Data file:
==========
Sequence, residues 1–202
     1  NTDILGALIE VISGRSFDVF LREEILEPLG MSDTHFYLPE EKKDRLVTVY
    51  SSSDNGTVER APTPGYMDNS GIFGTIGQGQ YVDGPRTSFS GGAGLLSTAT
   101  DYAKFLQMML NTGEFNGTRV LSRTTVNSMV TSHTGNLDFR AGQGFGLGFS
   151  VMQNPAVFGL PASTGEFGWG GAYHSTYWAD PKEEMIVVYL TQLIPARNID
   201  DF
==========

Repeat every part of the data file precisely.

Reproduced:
Sequence, residues 1–202
     1  NTDILGALIE VISGRSFDVF LREEILEPLG MSDTHFYLPE EKKDRLVTVY
    51  SSSDNGTVER APTPGYMDNS GIFGTIGQGQ YVDGPRTSFS GGAGLLSTAT
   101  DYAKFLQMML NTGEFNGTRV LSRTTVNSMV TSHTGNLDFR AGQGFGLGFS
   151  VMQNPAVFGL PASTGEFGWG GAYHSTYWAD PKEEMIVVYL TQLIPARNID
   201  DF